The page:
The strong force is an enigma. Through gluons, it binds together quarks, one of the two basic building blocks of matter, into the protons and neutrons at the center of every atom. True to its name, it is the strongest of the four known fundamental forces, but it only exerts its might across subatomic distances. Despite its power and importance, the strong force is the hardest force to observe in action, and its behavior is nearly impossible to mathematically predict.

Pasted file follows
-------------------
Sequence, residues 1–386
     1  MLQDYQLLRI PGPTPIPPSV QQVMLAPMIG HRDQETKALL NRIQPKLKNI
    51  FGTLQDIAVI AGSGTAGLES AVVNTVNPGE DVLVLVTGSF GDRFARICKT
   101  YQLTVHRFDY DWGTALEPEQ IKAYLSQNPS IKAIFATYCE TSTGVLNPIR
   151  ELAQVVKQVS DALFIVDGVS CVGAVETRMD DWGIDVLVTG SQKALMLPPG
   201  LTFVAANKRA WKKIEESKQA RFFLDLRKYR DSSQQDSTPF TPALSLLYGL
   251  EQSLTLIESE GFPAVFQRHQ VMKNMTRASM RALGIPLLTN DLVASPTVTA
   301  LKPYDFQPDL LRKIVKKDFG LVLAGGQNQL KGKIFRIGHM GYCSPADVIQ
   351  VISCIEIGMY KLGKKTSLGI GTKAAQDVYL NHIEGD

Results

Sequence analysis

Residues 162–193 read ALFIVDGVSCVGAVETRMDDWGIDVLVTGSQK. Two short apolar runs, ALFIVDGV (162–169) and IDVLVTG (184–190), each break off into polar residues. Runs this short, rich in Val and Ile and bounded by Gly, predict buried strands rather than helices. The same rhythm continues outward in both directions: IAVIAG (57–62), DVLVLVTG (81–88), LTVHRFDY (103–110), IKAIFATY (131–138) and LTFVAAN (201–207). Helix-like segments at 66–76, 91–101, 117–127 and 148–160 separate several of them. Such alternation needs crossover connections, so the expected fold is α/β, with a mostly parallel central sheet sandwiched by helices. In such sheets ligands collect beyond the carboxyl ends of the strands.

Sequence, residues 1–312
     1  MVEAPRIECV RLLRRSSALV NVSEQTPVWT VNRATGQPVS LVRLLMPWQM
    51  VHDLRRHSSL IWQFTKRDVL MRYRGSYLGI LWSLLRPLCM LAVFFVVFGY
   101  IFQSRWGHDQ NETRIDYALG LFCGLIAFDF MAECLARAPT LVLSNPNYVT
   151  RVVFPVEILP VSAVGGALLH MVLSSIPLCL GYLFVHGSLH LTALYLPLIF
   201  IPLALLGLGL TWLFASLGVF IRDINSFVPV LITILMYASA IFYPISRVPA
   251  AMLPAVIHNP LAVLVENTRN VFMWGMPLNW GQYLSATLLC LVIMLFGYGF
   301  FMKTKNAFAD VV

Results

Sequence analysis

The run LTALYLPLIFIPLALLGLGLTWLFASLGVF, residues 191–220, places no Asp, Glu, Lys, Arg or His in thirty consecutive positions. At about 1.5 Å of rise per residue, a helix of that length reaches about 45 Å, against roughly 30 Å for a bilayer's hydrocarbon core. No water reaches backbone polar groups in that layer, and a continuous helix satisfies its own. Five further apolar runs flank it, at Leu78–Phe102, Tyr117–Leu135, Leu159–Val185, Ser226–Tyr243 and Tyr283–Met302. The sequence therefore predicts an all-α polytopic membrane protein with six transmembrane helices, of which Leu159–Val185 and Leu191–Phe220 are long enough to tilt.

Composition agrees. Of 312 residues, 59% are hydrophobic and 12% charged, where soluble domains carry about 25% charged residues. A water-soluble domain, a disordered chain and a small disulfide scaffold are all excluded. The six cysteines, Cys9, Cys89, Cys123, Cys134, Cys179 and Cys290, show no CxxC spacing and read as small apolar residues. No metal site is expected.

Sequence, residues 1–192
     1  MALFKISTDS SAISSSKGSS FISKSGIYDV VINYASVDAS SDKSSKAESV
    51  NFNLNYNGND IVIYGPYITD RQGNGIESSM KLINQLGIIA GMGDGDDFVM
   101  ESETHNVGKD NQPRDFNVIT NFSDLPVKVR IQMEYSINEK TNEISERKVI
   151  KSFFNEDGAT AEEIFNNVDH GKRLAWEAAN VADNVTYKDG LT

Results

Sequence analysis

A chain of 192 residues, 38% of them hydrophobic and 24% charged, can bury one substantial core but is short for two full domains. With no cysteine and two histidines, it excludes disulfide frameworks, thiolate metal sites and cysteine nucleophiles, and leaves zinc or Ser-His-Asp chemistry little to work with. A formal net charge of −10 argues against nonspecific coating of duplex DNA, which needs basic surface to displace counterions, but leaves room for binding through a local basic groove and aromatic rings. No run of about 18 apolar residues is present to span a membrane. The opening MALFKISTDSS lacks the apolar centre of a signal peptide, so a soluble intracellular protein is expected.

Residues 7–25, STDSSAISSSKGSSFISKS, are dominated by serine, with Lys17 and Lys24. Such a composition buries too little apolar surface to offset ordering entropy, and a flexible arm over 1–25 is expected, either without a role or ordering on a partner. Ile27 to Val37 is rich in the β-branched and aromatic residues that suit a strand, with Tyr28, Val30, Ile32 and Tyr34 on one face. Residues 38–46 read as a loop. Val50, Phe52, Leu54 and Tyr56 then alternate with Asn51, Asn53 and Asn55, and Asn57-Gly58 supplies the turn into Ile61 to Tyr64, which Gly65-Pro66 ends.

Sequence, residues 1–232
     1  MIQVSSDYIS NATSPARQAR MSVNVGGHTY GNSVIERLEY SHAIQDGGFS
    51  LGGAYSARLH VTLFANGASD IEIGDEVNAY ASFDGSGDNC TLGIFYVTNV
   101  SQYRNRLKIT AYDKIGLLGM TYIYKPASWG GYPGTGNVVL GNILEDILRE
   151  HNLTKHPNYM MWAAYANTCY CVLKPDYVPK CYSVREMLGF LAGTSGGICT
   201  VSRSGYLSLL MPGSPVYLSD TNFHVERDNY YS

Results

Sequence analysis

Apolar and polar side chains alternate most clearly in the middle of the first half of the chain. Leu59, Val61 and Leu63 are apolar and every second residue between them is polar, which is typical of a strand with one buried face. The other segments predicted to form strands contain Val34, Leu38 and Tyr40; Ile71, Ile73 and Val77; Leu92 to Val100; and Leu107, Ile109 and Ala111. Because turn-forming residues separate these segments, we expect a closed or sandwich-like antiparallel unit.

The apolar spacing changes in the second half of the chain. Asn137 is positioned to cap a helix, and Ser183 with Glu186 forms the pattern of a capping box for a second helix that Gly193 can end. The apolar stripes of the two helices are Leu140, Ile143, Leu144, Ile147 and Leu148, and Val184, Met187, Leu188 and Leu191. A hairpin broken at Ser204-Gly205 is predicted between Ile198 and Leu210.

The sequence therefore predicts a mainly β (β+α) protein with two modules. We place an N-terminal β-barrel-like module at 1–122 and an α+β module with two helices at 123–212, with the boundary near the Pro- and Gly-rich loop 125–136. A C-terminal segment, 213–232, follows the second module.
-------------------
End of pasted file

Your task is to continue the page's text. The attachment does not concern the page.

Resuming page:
Now a group of scientists at Brookhaven National Laboratory on Long Island have caught a fresh, unexpected glimpse of the strong force at work—so unexpected that theorists have invented new models to explain it. If the theorists are right, this experiment is the first measurement of how the strong force field fluctuates over short distances. The results were published on January 18 in Nature.
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